Participant 4 had rejoined the main group with Coach 1, who had come back to make sure that I had matters under control. As the waves continued to build and steepen, Participant 1 once again capsized and exited his boat. Participant 2 and I got Participant 1 and his boat (separately) back to shore. After a brief discussion of options, I decided that the safest course of action would be for all three of us to hike out from our location rather than to continue on the water. There was a cabin visible from the water, so we knew there would be a route to the highway.

Once we were ashore, Participant 1 volunteered to run out to get his car and/or get someone else to pick us up. Participant 2 and I humped boats way up the entry road past the gate at the main road, by which time Participant 1 was back with his vehicle to pick us up.

Despite the troubles the main group later went through, I chose to follow this path for a few reasons. First, I was confident that Coach 1 and Participant 4 were capable of managing the group of seven participant without me. Participant 2 and/or I could have regained the group, but I was unwilling as one of the leaders to either send a participant (Participant 2) on his own, or leave Participant 1 on shore on his own. Participant 1 was physically, and perhaps psychologically not prepared to go back out on the water at that point. Going either forward or back on the water was a less safe option than hiking out.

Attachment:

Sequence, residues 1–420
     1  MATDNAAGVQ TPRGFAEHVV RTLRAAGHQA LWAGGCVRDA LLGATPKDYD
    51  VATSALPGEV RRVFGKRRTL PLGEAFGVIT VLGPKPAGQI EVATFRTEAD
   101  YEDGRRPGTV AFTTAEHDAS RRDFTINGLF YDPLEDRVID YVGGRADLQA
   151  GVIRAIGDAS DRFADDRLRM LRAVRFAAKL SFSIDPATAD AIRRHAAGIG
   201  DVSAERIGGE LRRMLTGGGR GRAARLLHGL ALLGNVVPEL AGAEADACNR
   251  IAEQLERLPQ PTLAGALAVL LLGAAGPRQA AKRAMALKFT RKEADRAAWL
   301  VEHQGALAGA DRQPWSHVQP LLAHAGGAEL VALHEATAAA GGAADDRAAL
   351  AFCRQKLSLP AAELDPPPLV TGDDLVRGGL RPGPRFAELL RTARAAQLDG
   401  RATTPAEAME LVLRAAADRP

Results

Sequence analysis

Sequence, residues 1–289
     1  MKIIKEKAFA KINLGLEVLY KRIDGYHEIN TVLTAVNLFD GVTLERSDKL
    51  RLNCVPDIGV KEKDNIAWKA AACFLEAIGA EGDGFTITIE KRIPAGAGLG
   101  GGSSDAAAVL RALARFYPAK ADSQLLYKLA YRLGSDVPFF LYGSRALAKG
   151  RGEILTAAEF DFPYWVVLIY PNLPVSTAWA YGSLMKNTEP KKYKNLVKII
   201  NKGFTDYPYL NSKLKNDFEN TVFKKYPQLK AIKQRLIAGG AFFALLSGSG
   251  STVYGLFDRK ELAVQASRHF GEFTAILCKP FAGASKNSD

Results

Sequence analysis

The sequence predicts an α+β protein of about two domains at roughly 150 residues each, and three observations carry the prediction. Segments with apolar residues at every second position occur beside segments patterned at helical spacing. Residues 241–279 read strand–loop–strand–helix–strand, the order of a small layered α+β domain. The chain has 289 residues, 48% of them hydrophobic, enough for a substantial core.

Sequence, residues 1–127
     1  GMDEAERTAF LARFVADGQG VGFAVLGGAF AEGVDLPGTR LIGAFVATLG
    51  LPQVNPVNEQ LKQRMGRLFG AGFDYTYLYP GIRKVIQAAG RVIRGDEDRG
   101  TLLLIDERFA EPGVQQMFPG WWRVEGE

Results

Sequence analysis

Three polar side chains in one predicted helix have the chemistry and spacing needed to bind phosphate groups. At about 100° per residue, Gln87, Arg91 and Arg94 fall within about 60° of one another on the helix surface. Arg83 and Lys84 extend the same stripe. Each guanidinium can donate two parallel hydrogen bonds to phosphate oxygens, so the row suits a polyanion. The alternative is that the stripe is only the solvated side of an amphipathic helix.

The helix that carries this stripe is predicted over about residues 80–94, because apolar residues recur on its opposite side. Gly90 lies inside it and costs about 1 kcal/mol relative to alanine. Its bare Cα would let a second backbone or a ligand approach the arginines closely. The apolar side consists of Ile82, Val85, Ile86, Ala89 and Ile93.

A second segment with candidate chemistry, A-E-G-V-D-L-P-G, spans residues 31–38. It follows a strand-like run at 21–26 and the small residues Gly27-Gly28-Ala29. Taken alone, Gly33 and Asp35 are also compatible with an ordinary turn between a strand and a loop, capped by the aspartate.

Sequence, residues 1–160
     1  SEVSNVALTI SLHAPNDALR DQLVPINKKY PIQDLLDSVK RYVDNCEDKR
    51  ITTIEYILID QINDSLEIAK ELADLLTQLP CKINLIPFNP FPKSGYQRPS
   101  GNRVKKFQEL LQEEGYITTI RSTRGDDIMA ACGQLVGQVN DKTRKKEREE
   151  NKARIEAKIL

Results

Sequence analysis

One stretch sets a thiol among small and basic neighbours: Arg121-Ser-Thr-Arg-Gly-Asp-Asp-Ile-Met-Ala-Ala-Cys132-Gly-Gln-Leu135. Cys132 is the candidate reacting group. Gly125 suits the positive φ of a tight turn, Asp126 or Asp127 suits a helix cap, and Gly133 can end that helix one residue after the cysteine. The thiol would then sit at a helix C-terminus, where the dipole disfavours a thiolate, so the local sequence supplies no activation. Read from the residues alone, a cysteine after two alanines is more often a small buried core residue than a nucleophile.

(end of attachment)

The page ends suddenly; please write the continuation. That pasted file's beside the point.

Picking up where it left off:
Participant 1

Pre-trip: There were 12 in my group with leaders Coach 1 and Coach 2. We reviewed resources, e.g. radios, tow ropes, etc. I believe that we had 3 or 4 radios in the group — some were stowed in hatches. We reviewed emergency and common communication channels. We reviewed hand signals and the travel plan. Group members were asked if they had any special medical or physical needs.